RICHARD BARBER (police-constable K 250.) On Saturday night, the 15th of June, I was on duty near New Gravel-lane—Hart's house is seven or eight doors from High-street, and West's-gardens about the same distance—a person coming from the beer-shop could get into Norton's buildings without going up New Gravel-lane by getting over a pigstye, and coming round Dockwall, then getting over into the beer-shop yard, and from there over some fences into Norton's-buildings without coming into the street at all—a man came to the door next door to the beer-shop, and called "Police," a little after three o'clock—in consequence of what he said I went up to him, and heard a cry of "Police" from Norton's buildings—before the man could hardly speak to me I turned round, and saw Borritt running as fast as he could—I immediately sprang my rattle, and followed, but could not catch him—they then said, "Here are some more backwards in the yard"—I went through a house into the beer-shop yard, and looked round—I saw a short man dropping from the beer-shop wall into Norton's-buildings—I went round to catch him, and in the court was Mrs. Clark, who gave me a sack containing property, and said Borritt had just dropped it—I searched for the short man, but he got away—about twenty minutes after as I returned from the station-house I saw Wiseman at the top of New Gravel-lane close by Norton's-buildings—I knew him, and said, "Wiseman, do you know any thing about the sack you lent Borritt?"—he said, "Yes, I lent him a sack, he said it was to get some tobacco out of the Docks, and I am very sorry I did now"—when Borritt was taken into custody, which was on the Monday week following, I went to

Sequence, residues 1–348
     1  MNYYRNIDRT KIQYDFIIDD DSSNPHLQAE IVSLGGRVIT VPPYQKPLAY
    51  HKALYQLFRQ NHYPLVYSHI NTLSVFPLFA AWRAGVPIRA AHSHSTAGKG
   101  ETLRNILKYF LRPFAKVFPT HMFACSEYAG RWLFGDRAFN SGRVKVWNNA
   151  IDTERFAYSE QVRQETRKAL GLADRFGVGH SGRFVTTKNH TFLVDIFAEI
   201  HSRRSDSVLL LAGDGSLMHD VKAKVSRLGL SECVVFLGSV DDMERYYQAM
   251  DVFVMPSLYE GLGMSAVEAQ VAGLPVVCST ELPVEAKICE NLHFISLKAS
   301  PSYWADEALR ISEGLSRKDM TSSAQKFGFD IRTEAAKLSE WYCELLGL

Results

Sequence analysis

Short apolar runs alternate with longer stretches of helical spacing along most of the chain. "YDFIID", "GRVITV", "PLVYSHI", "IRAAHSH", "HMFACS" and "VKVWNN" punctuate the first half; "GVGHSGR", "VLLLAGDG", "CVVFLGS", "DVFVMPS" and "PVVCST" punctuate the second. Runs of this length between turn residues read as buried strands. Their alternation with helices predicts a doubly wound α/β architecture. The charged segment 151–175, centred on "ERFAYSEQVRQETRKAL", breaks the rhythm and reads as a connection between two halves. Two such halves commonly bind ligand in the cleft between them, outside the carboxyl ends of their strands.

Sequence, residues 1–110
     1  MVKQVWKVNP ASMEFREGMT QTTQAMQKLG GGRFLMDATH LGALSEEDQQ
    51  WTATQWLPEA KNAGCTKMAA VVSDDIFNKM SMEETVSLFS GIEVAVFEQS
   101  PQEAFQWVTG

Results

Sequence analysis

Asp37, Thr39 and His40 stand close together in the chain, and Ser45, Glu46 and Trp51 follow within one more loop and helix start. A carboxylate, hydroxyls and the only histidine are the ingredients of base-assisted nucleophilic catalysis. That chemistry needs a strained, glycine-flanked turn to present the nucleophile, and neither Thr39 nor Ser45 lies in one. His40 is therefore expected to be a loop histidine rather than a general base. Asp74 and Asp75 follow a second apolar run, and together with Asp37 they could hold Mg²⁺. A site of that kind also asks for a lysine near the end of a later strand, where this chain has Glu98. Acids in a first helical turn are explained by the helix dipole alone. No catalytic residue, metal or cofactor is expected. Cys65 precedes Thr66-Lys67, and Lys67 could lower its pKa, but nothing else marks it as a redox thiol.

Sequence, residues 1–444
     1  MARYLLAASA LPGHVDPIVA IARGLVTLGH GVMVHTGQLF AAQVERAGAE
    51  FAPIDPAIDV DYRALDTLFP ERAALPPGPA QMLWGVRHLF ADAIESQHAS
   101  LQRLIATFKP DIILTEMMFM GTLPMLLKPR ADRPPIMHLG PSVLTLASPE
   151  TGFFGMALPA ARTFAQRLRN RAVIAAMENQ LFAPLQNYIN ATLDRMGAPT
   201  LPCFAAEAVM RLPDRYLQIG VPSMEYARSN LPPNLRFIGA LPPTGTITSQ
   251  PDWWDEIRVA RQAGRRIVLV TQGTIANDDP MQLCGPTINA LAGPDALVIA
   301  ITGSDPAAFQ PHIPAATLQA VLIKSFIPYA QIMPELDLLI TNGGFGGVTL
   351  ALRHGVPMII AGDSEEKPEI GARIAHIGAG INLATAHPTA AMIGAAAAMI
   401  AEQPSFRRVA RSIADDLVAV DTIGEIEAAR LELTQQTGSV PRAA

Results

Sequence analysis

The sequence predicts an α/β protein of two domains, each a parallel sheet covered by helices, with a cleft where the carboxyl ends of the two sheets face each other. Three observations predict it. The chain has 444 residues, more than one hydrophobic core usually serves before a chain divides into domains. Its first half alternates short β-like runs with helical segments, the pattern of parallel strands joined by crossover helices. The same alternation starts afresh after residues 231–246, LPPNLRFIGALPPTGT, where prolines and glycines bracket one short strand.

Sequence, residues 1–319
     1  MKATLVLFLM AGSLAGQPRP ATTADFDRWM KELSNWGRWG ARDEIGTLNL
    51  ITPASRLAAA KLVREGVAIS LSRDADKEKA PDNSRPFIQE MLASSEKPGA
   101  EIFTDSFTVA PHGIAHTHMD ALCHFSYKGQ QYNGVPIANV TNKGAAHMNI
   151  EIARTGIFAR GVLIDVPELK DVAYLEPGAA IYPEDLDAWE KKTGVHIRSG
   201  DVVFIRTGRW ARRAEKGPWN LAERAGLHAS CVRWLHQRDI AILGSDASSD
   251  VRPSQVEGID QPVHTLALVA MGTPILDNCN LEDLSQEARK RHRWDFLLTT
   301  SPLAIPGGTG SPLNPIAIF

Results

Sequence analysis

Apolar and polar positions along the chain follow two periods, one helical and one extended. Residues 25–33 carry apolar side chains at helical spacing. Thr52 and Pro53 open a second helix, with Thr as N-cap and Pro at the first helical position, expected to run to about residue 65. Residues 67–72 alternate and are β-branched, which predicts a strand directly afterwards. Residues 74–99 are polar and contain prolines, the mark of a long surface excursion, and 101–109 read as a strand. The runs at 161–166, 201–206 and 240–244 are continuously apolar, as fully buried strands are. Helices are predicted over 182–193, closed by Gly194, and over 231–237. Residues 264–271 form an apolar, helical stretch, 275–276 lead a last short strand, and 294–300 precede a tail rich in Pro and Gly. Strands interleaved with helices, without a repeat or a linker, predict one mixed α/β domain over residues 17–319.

Wiseman, and said, "Borritt is taken into custody, now we shall want you to explain what you stated to me"—he went with me without making any objection—he came very quietly to the Thames-police, and was put at the bar as a prisoner by the Magistrate, in consequence of what he stated, and he was committed.